by: Tracy Zafian, Research Fellow
Statistics have shown that truck driver fatigue is often a leading factor in truck crashes. A truck driver was killed in a multi-vehicle collision on Interstate 91 on January 20, 2018. Though the cause of this crash, which included two tractor-trailers and 4 cars, is still under-investigation, driver fatigue is being considered as one of the causes.
Attention to the need for safe parking and rest areas for commercial truck drivers has grown since the 2012 passage of Jason’s Law, federal legislation in honor of Jason Rivenburg, a truck driver who was killed while pulled over to rest at an abandoned gas station. As discussed in a Federal Highway Administration (FHWA) report, after Jason’s death, his spouse Hope Rivenburg sponsored a study on truck driver’s parking needs. Among the study’s key findings:
- 39% percent of the drivers responding take 1 hour or longer to find parking.
- 53% of drivers regularly use a commercial truck stop for rest and 20% regularly use a rest area. Other options used regularly include shipper/receiver location (20%), on/off ramp (8%), abandoned lot/isolated area (10%), and behind a shopping center (11%).
- 88% of drivers reported feeling unsafe while parked during mandatory rest or waiting for pickup or delivery of a load over the previous 12 months.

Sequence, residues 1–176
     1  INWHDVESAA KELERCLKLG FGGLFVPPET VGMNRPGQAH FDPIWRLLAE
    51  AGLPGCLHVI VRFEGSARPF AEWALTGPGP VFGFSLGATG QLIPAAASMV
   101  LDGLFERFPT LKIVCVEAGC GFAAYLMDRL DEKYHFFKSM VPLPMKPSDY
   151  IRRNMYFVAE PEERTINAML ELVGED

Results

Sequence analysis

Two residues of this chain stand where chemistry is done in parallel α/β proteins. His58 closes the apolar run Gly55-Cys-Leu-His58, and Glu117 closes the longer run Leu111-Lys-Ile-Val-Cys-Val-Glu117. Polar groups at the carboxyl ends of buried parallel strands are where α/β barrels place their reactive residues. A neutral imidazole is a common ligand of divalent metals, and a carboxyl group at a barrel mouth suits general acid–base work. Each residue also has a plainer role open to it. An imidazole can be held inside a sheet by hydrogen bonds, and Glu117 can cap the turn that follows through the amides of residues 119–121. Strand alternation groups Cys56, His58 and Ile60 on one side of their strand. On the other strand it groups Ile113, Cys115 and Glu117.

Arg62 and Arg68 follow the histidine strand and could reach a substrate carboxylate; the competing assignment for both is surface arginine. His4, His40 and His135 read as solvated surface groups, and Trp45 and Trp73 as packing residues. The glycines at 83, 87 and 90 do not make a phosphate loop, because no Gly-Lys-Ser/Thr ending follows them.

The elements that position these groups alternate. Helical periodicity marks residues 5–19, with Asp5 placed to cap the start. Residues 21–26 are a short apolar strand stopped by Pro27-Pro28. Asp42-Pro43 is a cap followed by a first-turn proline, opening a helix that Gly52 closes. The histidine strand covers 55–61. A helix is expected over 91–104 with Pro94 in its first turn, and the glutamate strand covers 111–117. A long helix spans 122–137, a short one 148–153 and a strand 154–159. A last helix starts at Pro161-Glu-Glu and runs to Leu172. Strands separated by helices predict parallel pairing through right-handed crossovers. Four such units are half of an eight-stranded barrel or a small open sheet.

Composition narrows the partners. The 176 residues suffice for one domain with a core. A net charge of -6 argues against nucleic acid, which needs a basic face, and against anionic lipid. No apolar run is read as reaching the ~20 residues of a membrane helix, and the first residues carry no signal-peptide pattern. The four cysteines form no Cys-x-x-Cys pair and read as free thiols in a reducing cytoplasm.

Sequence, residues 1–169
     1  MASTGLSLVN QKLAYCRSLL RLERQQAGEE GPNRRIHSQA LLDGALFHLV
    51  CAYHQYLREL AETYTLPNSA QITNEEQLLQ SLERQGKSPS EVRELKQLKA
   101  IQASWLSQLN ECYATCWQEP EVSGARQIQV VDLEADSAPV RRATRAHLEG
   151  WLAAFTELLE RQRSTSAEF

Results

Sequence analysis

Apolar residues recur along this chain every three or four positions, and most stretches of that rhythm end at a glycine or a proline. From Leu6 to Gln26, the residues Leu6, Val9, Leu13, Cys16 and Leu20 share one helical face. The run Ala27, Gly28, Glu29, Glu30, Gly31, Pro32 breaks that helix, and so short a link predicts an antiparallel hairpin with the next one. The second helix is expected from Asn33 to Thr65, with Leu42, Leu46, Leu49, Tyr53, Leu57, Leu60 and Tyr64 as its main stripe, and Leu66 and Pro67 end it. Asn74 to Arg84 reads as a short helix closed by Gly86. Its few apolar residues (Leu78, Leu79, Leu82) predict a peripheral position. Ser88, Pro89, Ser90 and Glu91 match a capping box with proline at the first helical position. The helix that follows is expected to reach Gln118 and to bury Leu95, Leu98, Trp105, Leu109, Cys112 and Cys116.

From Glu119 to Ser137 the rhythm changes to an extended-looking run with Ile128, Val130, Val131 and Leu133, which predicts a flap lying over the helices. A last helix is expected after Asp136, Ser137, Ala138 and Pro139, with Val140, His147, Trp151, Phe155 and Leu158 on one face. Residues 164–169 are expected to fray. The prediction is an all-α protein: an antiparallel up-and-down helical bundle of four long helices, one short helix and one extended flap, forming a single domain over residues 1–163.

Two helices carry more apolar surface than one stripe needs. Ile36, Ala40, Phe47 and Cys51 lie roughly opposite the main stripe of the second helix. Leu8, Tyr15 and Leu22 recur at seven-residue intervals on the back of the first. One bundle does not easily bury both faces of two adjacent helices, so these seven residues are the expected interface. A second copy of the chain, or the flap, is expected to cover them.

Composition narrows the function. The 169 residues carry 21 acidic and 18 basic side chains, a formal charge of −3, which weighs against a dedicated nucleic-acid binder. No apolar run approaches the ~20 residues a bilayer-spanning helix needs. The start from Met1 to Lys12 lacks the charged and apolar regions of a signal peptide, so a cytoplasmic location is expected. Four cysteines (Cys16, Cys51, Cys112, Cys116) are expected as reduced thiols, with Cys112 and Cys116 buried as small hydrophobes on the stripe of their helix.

FHWA is working to address this issue. After its passage, Jason’s Law was incorporated into the MAP-21 (Moving Ahead for Progress in the 21st Century) transportation funding bill, and a thorough analysis of truck parking needs was conducted.
Safety and economic impacts of inadequate parking for Commercial Motor Vehicles (CMVs) were evaluated in a recent study conducted at Oregon State University (OSU). The study looked at crashes on U.S. Highway 97, which runs north-south across the state, over a 7-year period. The main finding was that at-fault truck crashes resulted in approximately $75 million of “crash harm.” The researchers estimated that at-fault truck crashes resulted from factors such as driver fatigue which can result from inadequate truck parking options. Researchers found a high need for more safe truck parking, both in Oregon, on Highway 97, and elsewhere. Federal law restricts drivers from being behind the wheel for more than 11 hours at a time and requires them to park and rest for at least 10 hours before driving again.
Information on the OSU study was based on this Science Daily news report.